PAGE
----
How to Score Cheap Flights

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Recently, I received an email alerting me to cheap flights to Mexico in 2021. One of the toughest parts about having to cancel so many of our travel plans in 2020 is that there’s not a lot to look forward to.

Now we can look forward to 5 weeks next fall in one of our favorite destinations. I jumped at the opportunity to book four direct round-trip flights with flexible dates plus one checked bag, all for under $200 per person.

While I wouldn’t advise traveling during a pandemic, I’m confident that both my wife and I will be vaccinated by then, as will a good percentage of the populace. Hopefully, our children will have the opportunity to receive their shots between not and then, as well.

I’ve waited some time to write a comprehensive post on how one can score cheap flights like I often do, and then I came across this incredibly thorough post from Kris, the Frugal Tourist, and she gave me permission to share it with you all. This post was originally published on Your Money Geek.


How to Score Cheap Flights


Throughout 2020, we witnessed how COVID-19 viciously battered all aspects of travel. Canceled flights, empty hotels, and anxiously masked tourists are now considered the new normal. Suffice to say, we live in unprecedented times.

As airlines teeter on the edge of collapse, terrified passengers continue to avoid travel altogether. As a consequence, the industry appears to be on a downward spiral with no end in sight. Thankfully, one thing seemed to have escaped the wrath of this invisible enemy – cheap airfare.

Before the arrival of this pandemic, flight deal hunters needed to tirelessly comb through the deepest recesses of the web to find the cheapest airfares available. Due to diminishing demand, compounded by travel restrictions, we see airlines and online travel agencies competing tooth and nail for a small percentage of travelers brave enough to weather the risk of this pandemic.

It is not only effortless to find great deals, but we are also witnessing price wars between online travel agencies and airline companies, resulting in more deeply-discounted fares favorable for the frugal tourist.

This blog post will go over some strategies for finding these fantastic airfares and discuss tactics on how you can avoid paying a sizable portion of your plane ticket—the more cash you save, the more resources you will have available for your vacation.

Without further ado, here are the top ways & strategies for finding the cheapest available airfare.




Top 3 Travel Search Engines


Advancements in technology have made searching for cheap airfare effortlessly simple and straightforward. You can book travel to virtually every corner of the globe at a click of a button. Gone were the days of manually entering individual destinations and different dates. Frantically checking the web every day to score a deal is no longer necessary. Thanks to travel search engines!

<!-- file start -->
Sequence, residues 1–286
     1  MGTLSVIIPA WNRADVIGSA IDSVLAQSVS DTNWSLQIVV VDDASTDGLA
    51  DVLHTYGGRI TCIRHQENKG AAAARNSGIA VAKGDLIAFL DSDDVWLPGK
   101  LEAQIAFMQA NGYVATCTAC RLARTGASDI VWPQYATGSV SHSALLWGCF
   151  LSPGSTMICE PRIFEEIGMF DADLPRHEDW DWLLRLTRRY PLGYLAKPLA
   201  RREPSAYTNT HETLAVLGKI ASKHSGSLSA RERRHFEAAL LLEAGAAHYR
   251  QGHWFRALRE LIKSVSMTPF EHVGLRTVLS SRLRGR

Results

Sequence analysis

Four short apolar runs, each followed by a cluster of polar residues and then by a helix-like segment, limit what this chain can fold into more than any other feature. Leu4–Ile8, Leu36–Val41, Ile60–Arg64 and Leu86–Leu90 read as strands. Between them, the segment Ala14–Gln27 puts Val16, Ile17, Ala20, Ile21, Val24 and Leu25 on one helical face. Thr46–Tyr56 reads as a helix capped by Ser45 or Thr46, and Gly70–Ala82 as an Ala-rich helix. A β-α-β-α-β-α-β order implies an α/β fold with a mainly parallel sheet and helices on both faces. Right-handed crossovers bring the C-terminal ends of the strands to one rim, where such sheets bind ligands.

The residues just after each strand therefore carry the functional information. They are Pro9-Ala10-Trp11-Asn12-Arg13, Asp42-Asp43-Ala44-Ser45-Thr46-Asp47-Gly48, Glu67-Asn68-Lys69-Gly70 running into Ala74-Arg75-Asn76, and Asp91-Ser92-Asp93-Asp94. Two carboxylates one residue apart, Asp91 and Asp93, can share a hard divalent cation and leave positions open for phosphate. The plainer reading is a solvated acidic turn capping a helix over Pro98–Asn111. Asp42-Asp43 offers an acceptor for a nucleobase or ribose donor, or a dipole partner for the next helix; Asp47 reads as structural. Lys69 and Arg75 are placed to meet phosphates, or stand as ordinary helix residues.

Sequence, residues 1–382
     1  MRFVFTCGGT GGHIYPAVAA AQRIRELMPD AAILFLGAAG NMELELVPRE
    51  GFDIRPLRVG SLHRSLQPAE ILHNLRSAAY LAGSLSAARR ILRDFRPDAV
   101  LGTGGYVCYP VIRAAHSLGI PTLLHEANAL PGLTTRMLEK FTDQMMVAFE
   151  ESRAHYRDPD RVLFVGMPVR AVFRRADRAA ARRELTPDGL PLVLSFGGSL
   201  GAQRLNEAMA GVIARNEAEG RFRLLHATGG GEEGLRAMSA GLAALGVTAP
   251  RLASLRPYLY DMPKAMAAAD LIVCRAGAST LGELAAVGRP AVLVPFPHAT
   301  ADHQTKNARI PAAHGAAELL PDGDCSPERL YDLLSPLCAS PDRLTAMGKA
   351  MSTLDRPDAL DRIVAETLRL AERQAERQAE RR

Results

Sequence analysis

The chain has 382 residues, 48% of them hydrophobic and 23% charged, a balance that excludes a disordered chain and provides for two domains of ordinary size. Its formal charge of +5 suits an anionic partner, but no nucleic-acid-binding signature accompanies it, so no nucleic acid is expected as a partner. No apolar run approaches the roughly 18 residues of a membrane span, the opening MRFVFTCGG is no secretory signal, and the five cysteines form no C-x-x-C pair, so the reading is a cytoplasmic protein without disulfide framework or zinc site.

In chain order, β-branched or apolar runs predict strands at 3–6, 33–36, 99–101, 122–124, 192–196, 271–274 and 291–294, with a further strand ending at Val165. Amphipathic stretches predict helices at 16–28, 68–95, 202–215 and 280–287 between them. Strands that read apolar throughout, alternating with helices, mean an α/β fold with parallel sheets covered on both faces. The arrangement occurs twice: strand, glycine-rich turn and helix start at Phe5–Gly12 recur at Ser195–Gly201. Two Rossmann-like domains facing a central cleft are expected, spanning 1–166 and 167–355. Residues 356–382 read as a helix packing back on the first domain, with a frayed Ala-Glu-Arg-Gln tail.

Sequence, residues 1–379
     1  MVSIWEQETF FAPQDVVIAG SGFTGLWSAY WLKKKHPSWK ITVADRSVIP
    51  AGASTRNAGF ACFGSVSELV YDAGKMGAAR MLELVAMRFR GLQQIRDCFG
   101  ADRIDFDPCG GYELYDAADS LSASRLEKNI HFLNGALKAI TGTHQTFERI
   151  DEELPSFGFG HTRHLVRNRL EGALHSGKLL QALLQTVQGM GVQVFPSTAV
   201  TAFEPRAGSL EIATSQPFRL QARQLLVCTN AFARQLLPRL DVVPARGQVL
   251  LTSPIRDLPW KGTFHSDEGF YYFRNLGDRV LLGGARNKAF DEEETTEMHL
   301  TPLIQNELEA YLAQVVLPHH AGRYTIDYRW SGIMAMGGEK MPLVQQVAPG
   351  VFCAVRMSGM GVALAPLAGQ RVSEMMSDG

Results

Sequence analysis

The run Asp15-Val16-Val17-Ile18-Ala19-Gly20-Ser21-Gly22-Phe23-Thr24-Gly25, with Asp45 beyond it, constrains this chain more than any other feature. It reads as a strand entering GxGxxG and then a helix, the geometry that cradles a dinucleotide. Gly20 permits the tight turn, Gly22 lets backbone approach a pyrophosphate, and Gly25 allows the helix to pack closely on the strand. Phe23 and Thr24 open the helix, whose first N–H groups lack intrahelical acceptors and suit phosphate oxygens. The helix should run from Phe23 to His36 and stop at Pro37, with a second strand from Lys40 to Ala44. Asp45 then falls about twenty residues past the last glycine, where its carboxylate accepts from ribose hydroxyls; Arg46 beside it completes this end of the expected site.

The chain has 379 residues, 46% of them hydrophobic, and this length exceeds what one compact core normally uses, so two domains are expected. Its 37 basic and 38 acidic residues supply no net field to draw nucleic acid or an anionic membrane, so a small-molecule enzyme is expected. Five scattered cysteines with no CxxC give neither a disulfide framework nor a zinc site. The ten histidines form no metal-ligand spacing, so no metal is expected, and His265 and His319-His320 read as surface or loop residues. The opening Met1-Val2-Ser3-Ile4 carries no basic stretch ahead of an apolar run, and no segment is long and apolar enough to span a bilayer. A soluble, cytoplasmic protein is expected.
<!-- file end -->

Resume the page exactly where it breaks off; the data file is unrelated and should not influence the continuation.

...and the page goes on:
Without a doubt, these travel websites have made life simpler for even the most casual tourist. But, it is still quite easy to feel overwhelmed. Many travel search engines regularly battle for our attention. And not knowing when a deal is good enough adds on to the mental burden. Quite frankly, it can be exhausting overthinking whether the airfare you got was the best one available.

This section will simplify the search process by narrowing down my recommendations to the three best travel search engines out there. All three are consistently highly regarded by budget travelers. These travel search engines are Momondo, Skyscanner, and Google Flights. Run your searches on these three websites, and sign up for their free alerts to increase your chances of seizing the best deal.



Momondo is one of the best online tools for finding cheap airfare out there. This search engine sifts through the entire web and ensures that no stone is left unturned. Momondo even tracks obscure Online Travel Agencies (OTA) and relatively unknown budget airlines to grasp the best possible deal available. If you want deeply-discounted airfares, this should be your first stop.

Momondo also has an “Explore” option if you want ideas on where to fly cheaply. Type your home airport, enter “Anywhere” in the destination box (or a specific region, like South America), select a preferred date, or type “Anytime,” and wait for it to generate the cheapest flights at the most affordable times from your home airport.




Skyscanner still provides a fantastic jumping-off point when searching for incredible deals, even though it sometimes skips some lesser-known OTAs from its searches. It also has an app that is quite intuitive and easy to navigate.

Like Momondo, this perennial traveler favorite also gives the option to search for affordable destinations from your home airport. Enter your departure city, type “Everywhere” in destination, and select “Cheapest Month.”

Just make sure to compare your results with Momondo to ensure you are snatching the best fare. Eight out of 10 times, Momondo’s airfare will come out cheaper by a few dollars.